I can’t believe I’m out. Can’t believe how it happened. One minute I was all alone in the garden, tending Her Majesty’s vegetable patch - for I was known for my green fingers - and the gray, unyielding walls loomed familiar above me. Then my eyes were gaping in stunned disbelief at the back gate yawning open right before me.
Not a screw in sight.
I thought I was dreaming.
With the autumn dusk just falling and not a sound to be heard in the world save the sweet distant song of a bird and the thump of my heart in my breast, I walked out and into the country.
I had a quick look behind the gate to make sure the Devil wasn’t standing there, grinning and holding out the deed to my soul for the signing. He wasn’t, so across the field with me like royalty, back ramrod stiff, rigid all over with the trepidation, expecting the shouts any minute, unsure that this long walk wasn’t the desperate hallucination of an ageing convict.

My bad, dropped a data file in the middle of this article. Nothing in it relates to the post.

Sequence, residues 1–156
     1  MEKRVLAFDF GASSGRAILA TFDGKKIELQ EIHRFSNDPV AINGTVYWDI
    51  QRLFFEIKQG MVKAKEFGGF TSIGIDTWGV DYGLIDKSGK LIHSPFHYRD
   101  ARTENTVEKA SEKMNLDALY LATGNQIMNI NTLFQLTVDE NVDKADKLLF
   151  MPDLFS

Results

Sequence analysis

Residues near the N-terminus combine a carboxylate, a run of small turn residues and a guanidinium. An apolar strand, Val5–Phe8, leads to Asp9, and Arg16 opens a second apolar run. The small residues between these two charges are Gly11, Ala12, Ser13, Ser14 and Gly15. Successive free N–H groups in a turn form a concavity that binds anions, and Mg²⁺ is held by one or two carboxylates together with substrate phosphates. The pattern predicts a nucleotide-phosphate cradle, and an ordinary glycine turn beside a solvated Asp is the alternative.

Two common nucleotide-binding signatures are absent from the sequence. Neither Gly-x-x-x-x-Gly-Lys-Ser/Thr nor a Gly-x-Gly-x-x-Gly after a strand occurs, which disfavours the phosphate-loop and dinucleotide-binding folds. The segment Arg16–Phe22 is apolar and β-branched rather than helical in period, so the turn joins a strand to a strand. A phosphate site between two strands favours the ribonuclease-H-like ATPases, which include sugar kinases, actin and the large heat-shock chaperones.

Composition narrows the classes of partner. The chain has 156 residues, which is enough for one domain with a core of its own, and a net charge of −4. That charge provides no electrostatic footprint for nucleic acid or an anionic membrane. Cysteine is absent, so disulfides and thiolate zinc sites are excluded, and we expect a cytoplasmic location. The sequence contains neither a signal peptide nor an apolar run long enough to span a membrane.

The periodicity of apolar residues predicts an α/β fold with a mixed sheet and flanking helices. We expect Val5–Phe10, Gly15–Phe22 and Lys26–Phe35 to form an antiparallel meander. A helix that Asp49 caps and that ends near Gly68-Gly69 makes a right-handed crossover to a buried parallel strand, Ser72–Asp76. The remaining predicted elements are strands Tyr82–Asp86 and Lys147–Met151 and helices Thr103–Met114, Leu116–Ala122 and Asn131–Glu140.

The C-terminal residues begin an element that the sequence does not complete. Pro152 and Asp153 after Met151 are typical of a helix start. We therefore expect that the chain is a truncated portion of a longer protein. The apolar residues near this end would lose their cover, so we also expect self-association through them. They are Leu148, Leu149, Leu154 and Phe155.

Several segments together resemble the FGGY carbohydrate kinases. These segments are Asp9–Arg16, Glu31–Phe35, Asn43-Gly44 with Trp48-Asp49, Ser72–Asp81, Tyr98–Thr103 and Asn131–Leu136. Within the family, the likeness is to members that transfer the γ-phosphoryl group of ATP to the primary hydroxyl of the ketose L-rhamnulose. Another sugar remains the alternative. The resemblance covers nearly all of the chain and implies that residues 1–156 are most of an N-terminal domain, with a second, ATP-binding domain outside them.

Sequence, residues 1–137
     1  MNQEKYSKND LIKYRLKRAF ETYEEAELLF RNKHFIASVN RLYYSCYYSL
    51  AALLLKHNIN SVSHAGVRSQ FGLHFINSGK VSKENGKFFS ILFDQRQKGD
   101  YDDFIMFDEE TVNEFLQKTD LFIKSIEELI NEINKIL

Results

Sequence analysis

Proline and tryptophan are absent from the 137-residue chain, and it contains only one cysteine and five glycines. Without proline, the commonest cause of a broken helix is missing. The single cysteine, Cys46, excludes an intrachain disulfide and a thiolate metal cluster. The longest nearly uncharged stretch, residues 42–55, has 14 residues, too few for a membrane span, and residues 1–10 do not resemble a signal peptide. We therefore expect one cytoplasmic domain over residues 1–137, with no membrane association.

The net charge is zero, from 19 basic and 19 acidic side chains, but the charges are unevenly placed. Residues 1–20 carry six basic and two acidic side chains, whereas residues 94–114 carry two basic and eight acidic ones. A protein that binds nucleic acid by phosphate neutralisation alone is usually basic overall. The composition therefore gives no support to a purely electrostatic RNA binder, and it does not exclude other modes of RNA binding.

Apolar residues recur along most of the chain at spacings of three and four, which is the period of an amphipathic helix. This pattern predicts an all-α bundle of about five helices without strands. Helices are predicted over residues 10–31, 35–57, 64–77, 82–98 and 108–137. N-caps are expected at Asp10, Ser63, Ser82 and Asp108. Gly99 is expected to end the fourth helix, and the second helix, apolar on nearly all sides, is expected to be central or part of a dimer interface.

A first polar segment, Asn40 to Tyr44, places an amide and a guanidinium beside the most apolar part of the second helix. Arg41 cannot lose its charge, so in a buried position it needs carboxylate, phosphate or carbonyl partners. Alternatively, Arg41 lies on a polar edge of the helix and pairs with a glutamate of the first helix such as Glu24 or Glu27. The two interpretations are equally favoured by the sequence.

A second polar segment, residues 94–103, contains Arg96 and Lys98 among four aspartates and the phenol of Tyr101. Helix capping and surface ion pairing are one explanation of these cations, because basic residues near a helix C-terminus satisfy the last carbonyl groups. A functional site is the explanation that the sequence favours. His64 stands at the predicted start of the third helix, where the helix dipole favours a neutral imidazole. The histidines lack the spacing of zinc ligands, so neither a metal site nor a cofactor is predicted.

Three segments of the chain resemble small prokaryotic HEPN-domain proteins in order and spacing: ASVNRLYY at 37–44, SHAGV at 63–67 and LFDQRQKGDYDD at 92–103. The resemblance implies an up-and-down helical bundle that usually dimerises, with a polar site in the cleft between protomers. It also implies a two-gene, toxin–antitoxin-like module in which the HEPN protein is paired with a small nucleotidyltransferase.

After an eternity I reached the other side of the field, where the woods began. I breathed deep and I ran then, ran like all the packs of howling hounds of Hell were after me demented. My clothes ripped by thorns, my face lashed with whippets of trees, through a field and a meadow I ran, up hills and down them, slithering through long grass, cow dung, muck and mire. I ran until my lungs were fit to burst and felt like they were filled with hot coals.
It started to rain and I walked, marveling all the while at my luck and half expecting the air to be suddenly filled with the sound of sirens, helicopters maybe, or sniffer dogs yelping, straining at the leash, my scent breathing fire in their nostrils.
I walked and almost without thinking I set my sights on home.